If I hadn't spent the previous fortnight managing my bit of the annual admissions round, I'd have enjoyed December's non-story about Oxford University admissions. The Daily Telegraph saw Gordon Brown, new Labour, positive discrimination and the over-mighty state (what else?) behind the proposal that Oxford might run a tidier admissions system. The Times hates Oxford colleges on principle - it must be on principle, since it isn't based on any facts about how they work - and gloated over a step towards crushing their independence. The Guardian , realising there was no story, ran its usual line about the need to make Oxbridge more socially aware, while The Independent had the sense to say nothing.
What it showed was that the one arena in which the Freedom of Information Act works is education - and that the results are unpredictable. What began (and should have ended) as a trial balloon, floated by a couple of my colleagues, generated a report - my colleagues are former civil servants, and their natural mode is the report. The report generated an Fo... request; and a document that won't of itself produce any change whatever to the admissions system turned into university policy. I suppose it's nice that the silly season is now year-round; at least, it would be nice if it were always August and we had the climate of California. Nevertheless, I'd rather see if Fo... can tell us about CIA flights.
The reality is dreary, intelligible only piecemeal and of no interest whatsoever to the 95 per cent of students who go nowhere near Oxbridge.
Most secondary schools dislike the admissions system at Oxford and Cambridge universities because students have to apply in October, not January, and schools dislike the extra complication. So we are always tinkering with ways of making the process simpler. Rightly, too, though the applicants are markedly more at ease with the process than their teachers, which may itself tell one something.
In fact, the real horror of Oxford admissions is the interview system - about whose drawbacks the report is silent. Absent that annual folly, the process would be much simpler. Oxford is far from unique in interviewing applicants; many universities interview as many over the year, while Cambridge interviews many more, some before and after Christmas. But Oxford interviews attract unique attention, especially because the process is crammed into a few days before Christmas and is an organisational nightmare.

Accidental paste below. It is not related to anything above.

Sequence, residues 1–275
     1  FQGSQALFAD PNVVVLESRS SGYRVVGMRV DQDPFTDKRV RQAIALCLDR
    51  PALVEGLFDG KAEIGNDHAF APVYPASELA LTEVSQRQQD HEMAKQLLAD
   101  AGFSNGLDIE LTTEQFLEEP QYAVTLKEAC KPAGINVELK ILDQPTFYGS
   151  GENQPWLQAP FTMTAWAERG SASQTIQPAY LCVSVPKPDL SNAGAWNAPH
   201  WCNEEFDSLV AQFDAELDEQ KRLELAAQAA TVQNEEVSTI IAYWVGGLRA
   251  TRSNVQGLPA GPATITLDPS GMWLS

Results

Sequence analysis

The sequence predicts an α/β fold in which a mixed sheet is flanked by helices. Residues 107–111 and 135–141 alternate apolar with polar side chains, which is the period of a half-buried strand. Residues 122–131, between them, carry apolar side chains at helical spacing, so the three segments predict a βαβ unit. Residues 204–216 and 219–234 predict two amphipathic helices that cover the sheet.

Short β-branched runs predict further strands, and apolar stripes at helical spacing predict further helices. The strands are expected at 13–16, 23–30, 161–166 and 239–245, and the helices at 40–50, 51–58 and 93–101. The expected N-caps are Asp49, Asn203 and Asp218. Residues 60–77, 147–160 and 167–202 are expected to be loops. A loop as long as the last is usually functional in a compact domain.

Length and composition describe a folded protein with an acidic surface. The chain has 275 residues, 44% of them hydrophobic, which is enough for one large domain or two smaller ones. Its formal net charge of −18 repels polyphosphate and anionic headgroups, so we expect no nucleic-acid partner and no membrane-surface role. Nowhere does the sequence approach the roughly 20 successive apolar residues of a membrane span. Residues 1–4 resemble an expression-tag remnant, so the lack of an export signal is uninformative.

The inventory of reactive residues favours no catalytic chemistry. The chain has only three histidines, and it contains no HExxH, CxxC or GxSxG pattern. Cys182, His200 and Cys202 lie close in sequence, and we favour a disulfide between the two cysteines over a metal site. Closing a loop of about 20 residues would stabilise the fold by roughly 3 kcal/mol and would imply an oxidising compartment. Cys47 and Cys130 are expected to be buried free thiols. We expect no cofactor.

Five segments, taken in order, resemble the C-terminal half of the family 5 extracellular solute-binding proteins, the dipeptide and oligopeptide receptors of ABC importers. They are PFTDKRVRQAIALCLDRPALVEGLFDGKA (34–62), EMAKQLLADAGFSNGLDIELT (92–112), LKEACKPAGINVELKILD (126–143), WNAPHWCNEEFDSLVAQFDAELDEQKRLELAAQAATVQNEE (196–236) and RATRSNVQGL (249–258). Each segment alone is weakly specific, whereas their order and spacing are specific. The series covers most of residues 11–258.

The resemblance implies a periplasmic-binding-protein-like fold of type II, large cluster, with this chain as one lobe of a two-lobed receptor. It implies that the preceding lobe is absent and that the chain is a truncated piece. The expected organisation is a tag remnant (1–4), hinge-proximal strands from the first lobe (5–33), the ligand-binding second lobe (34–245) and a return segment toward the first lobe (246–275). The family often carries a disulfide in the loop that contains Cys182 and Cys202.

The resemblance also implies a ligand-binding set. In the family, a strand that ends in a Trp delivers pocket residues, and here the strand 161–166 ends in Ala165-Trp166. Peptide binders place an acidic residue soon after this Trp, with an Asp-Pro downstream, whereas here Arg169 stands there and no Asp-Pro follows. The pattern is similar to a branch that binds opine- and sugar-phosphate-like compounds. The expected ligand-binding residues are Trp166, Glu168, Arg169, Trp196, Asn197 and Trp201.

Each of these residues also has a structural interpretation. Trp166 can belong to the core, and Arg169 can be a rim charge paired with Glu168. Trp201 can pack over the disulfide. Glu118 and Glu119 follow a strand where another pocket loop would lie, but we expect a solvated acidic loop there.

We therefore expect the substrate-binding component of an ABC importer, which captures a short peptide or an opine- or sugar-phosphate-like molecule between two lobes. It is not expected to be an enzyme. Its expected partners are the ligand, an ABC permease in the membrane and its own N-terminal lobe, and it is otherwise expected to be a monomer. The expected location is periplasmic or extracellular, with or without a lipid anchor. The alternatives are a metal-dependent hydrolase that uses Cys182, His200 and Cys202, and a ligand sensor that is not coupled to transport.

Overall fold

I've never understood the faith in interviews; it would be better to set an entrance examination, or get the applicants' A-level scripts to read or, in the best of all worlds, move to post-qualification admissions (PQA), have an entrance test after A level and read the lot. What students do at university is write; what they get a degree for is performance in examinations. You'd have thought that the way to decide which applicants to accept is to see how well they do what they will do at university. If you were picking a team to run in the Olympics, you wouldn't interview them about running; you'd watch them run.
Interviews introduce noise into the system rather than information, and they double the misery we inflict on the young, which is a bad thing. The applicants who don't get invited to interview feel they have been declared to be no good - which is absurd; they've got A*s at GCSE by the dozen, and almost perfect scores at AS - but they happen to be (or on close inspection seem to be) a bit less good than some others. But they, their parents and their teachers phone, e-mail and write in to lament that they've had no opportunity to talk us into seeing how well they can do physics, Russian, economics or whatever.
So, what were these alarming proposals? That the humanities and social sciences should do what the sciences do already: rank the applicants in a given subject across the university and make sure that nobody is rejected while someone ranked lower gets in. Many non-sciences - law, history, philosophy, politics and economics and management among them - are well on the way to doing it; so on the one crucial point the report was pushing at a wide-open door. It has nothing to do with college independence: nobody is or will be parked on a college that doesn't want them, and nobody goes or will go to a college they haven't chosen if there is room at a college they want to attend more.
Let's make a new year's resolution to do something useful: such as helping David Bell reform A levels and introduce PQA; then we can confine the silly season to its proper place.
Alan Ryan is warden of New College, Oxford.